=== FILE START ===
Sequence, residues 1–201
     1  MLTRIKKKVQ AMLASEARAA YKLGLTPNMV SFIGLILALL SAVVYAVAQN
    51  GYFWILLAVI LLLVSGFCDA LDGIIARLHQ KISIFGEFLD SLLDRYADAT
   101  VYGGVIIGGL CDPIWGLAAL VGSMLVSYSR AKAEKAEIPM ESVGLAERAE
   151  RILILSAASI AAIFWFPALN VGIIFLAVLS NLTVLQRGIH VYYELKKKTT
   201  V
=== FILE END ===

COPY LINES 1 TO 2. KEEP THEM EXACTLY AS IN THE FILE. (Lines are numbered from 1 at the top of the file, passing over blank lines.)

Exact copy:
Sequence, residues 1–201
     1  MLTRIKKKVQ AMLASEARAA YKLGLTPNMV SFIGLILALL SAVVYAVAQN